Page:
Dem Convention 2
Thursday July 28, 2016
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I was wrong. I thought that Michelle Obama's speech on Monday night would retire the trophy as best speech of this, or any other, year.
Then came Joe Biden. First of all, he called the First Lady of the United States "kid" and got away with it. Then he called the President of the United States "Barack" which, as it happens is his name, but it was jarring to hear the Veep call his boss by his first name.
Biden got off the best line of the night - not a gigantic cheer line, but an important one:
"When the middle class does well, the rich do very well & the poor have hope; they have a way out."
Former Mayor of New York, Mike Bloomberg took on Trump as a businessman. His best line was,
"I'm from New York. I know a con when I see one."
The President was excellent, but the oration bar for him is so high it's like the world pole vault record: 20 feet, 2.5 inches (just warming up for the Olympics). He didn't set a new world record, but he gave a workmanlike (for him) performance and, as he said (switching track and field metaphors), "passed the baton" to Hillary Clinton.
Sen. Tim Kaine of Virginia was about as good as he could have been. He is not an orator. He is not known for his skill in delivering funny lines. And, as we learned last night, his is not the Rich Little of political impersonators of Donald Trump.
As someone who has written a speech or two in his life time here's an insider's secret: Write for the person that is giving the speech.
Sound easy, but it's not. You have to be able to hear in you own head, the speaker saying the words you are writing. If you can't, the speech won't be any good, and you will have failed.
Who cares whether Kaine is a good orator or not? Everyone. Everyone because tonight Hillary Clinton will give her acceptance speech and she's no great shakes at this speaking thing, either.
The delegates - most of them - will buoy her up. She's worked for this night for at least 10 years straight. She will have to guard against losing her cool and sounding shrill, shouting her way through it; on the other hand she has to lift her game to match the enthusiasm in the hall.
This is not as easy a line to walk as it may seem.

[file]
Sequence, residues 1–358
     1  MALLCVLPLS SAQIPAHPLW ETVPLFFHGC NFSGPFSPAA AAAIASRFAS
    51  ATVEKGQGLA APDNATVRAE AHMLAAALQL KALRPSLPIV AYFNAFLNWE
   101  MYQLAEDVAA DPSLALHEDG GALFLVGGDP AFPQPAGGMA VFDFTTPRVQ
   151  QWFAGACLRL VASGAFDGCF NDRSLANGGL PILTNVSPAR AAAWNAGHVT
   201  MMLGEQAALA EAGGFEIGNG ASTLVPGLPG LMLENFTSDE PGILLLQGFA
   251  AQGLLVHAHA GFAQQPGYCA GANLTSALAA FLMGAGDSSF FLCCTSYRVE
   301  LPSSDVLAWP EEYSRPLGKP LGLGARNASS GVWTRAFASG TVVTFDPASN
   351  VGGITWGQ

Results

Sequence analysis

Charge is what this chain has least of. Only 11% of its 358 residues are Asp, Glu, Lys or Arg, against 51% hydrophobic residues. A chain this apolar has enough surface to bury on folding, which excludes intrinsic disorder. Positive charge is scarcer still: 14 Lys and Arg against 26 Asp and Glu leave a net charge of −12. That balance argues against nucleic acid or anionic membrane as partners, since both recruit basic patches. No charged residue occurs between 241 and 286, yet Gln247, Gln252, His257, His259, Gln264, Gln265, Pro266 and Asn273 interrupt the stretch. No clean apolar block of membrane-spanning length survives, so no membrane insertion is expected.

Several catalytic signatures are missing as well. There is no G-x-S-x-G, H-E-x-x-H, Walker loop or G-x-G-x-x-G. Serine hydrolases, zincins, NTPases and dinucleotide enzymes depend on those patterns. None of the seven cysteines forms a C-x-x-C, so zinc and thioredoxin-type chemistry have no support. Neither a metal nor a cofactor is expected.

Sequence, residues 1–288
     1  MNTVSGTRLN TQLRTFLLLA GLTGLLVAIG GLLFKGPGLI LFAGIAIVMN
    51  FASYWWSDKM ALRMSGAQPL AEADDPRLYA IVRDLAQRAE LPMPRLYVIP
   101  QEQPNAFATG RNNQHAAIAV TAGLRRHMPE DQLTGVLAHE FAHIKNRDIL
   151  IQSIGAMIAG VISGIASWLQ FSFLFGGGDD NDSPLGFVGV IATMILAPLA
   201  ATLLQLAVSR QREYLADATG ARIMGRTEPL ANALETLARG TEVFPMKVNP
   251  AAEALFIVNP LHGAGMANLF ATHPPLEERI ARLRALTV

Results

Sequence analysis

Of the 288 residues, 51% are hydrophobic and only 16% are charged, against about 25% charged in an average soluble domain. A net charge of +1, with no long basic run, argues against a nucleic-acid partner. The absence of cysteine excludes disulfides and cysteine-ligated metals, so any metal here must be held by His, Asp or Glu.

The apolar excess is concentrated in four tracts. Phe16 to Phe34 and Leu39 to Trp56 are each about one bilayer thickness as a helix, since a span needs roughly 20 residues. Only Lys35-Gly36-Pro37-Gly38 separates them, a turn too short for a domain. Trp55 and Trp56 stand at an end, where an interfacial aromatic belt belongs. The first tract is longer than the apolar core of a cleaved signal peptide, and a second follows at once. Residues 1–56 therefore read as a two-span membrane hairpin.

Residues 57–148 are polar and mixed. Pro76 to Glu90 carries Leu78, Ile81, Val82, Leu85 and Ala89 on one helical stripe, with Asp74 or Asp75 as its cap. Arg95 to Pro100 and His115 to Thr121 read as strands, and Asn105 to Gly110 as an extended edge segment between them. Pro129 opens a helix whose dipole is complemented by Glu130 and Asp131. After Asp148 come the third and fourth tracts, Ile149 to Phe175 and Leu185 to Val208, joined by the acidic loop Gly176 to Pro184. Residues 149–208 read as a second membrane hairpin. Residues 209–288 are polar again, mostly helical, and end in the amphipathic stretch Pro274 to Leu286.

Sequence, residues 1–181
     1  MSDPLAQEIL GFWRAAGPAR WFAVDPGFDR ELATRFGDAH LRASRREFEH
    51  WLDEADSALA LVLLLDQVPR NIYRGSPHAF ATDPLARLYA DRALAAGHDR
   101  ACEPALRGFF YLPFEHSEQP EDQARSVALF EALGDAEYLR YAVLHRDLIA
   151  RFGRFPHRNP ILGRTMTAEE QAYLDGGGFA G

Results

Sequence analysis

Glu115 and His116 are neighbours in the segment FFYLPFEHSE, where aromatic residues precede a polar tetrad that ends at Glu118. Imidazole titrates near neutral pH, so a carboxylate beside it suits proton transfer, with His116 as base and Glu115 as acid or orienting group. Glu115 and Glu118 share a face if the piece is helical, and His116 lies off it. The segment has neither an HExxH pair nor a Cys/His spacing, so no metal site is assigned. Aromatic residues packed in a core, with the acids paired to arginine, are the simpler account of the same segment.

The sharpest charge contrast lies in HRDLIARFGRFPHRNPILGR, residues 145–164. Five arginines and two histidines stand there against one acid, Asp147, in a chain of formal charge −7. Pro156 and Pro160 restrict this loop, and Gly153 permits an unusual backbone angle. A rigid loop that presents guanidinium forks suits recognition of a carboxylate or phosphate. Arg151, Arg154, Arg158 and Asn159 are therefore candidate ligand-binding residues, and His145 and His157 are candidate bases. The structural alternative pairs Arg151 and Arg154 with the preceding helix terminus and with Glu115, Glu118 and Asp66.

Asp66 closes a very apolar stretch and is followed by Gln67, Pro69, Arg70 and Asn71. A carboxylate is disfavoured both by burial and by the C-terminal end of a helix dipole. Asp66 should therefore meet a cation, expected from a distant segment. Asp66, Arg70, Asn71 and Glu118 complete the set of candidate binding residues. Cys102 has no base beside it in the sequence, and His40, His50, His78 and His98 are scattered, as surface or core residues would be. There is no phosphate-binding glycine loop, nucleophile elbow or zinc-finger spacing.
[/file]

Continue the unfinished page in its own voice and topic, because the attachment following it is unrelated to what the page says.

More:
From a tactical standpoint, the crowd mikes - the ones the let the TV audience know when the audience is laughing, or booing, or chanting, or applauding, have to be placed and monitored so the pro-Clinton delegates are easier for us to hear than the pro-Bernie Sanders delegates.
That has not been particularly well handled. When former Congressman, White House Chief of Staff, Director of the CIA and Secretary of Defense Leon Panetta was making the foreign policy case for Hillary Clinton - we could clearly hear delegates - probably Bernie Sanders delegates - chanting, "No More War."
Sanders, for most of the night, looked like the old guy at the end of the block sitting on a lawn chair and waiting to yell at the neighborhood kids if a Frisbee landed on his grass.
Donald Trump was busy trying to step on the Democrats' convention by holding a news conference in which he was asked about the dump of Democratic emails by Wikileaks - now pretty much laid at the doorstep of Vladimir Putin.
Rather than saying something like: "It is unacceptable for the Russians to interfere in an American election," and focus on the content of the emails, he couldn't stop himself from going on the suggest that if the Russians had already hacked Hillary Clinton's server in Chappaqua, it would be swell for them to release the 33,000 emails the Clinton team destroyed.
Later he said he was just being "sarcastic." I don't believe he meant to literally invite the Russians into Hillary's basement, but he promised us he would be more Presidential when he became the nominee. He's not.
Like many of us, Trump is missing the gene that says "Just because it comes into your head, doesn't mean it has to come out of your mouth." But no one else is the GOP nominee for President and I, for one, would like to see at least a glimmer of self-control.
One more night to go. We can get through this.
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